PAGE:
By Jordan Hall (ApocaRUFF)
Ærena: Clash of Champions is an up-and-coming turn-based multiplayer game being brought to us by Cliffhanger Productions. It features a tactical, turn-based style of play in which two players pit their ship and crew against each other in battle. The game has a very unique “Ætherpunk” setting which is quite similar to the popular steampunk and dieselpunk genres. All combined, this should make for a strategy intensive, yet fun gameplay experience. The game is currently available for early purchase via the Steam Early Access program, but will be free-to-play at launch.
The Graphics and Backstory
Ærena: Clash of Champions has a very nice art-style and the backstory appeals to me a lot. I’ve always been a fan of the various ‘punk’ genres – steam, diesel, cyber, etc… And the so-called Æther punk in this game is no exception. I found myself pleased with the art direction the developers chose to go with too. The art fit the setting of the game perfectly, something that is hard to achieve. And I’ve got to say, the newsreel style introduction to the game you get was spectacular and had me hooked right away.
The game board and models themselves were well done and I can’t think of anything to complain about. Textures were of a high quality, too. That, mixed with the music, made for a very intense and immersing experience. You can see the dedication of the art team very clearly while playing. The only thing I would want changed is perhaps some larger maps for the battles as what is available in the Early Access feels a bit cramped at times, but then again I’m not sure how well that would work out with the type of gameplay that is offered.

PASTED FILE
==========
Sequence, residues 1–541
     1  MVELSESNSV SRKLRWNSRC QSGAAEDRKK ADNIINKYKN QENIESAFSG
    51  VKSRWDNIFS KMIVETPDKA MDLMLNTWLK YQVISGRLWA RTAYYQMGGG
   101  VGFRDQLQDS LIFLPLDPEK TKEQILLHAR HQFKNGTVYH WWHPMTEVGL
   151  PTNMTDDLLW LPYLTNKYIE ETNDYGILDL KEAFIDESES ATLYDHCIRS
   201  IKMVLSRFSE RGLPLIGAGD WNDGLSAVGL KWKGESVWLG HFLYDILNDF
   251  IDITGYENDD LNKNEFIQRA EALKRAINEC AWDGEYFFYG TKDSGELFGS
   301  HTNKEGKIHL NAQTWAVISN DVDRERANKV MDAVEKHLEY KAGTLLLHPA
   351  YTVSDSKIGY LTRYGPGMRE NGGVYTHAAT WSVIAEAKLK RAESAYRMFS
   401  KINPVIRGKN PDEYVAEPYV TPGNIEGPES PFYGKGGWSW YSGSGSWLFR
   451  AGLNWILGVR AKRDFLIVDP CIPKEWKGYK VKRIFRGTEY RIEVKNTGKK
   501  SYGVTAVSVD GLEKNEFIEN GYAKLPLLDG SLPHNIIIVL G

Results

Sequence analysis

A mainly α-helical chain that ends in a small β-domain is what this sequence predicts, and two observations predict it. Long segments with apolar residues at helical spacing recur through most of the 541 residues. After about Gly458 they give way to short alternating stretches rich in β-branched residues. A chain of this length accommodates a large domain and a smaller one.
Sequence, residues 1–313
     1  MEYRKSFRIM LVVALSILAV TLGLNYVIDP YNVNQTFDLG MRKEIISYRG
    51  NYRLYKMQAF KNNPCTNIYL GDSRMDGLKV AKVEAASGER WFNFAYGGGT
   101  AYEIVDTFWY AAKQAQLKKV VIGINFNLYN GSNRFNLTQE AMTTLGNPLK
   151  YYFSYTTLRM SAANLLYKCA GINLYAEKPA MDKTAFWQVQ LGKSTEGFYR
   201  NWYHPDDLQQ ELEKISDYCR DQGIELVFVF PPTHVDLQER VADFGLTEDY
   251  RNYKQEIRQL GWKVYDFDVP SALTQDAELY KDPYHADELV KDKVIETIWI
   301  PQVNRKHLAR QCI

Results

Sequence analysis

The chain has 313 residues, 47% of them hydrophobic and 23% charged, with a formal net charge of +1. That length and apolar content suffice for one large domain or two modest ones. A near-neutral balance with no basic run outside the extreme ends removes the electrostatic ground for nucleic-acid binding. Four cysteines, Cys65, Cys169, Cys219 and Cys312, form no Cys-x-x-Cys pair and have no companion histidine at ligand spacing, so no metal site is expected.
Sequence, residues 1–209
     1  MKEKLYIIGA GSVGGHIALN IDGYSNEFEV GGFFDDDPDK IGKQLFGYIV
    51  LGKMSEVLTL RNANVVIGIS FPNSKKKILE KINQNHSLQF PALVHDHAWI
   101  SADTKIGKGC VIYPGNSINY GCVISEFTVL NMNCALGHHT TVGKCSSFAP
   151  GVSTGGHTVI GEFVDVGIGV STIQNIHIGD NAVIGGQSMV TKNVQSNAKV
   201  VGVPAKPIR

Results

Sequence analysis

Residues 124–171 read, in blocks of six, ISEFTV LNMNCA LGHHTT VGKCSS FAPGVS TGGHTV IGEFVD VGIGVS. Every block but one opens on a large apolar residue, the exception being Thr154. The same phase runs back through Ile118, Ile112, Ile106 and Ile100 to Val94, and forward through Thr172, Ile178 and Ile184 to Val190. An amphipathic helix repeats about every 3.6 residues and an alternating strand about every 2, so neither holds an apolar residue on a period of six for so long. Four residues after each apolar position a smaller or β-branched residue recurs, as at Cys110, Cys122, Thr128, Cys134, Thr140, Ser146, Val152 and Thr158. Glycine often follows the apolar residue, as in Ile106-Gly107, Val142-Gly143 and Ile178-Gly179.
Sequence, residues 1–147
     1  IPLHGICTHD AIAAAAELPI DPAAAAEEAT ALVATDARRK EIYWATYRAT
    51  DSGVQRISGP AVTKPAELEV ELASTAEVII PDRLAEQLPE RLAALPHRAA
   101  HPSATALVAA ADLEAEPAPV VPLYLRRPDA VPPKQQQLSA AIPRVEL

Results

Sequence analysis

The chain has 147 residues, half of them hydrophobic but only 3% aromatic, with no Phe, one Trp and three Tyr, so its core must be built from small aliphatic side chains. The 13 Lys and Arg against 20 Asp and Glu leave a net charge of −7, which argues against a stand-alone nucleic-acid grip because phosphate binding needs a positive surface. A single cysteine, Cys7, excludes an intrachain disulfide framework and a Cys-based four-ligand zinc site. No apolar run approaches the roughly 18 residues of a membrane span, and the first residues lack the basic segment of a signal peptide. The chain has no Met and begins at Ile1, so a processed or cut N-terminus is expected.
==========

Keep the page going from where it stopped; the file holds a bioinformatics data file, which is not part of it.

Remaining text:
Interacting with the Game
Almost everything is controlled by the mouse. I was a bit confused about how to play, but I suspect that won’t be a problem once the game is released and a full tutorial is implemented. After doing a bit of reading on the website/forums for the game I was able to figure it out. I didn’t notice any clunkyness with the UI, which is great as this is an area that most games tend to suffer with. All-in-all, so far I have found interacting with the game a smooth experience; all that’s missing is an in-depth tutorial – but that will come as development comes further along.
Getting into the Game
Before I talk anymore, I want to stress that the game is still in development and I am currently only playing an early preview of the finished product. You can play this as well via the Steam Early Access program, but you will have to pay to participate (a requirement by Steam). Once the game is finished, and all features have been implemented, the game will be free-to-play and will offer a free rotation of ‘champions’ similar to games like League of Legends. You’ll be able to purchase the ships and champions that you like the most to be able to continue using them even after they’re off rotation, and that’s how most of the income from the game will be made.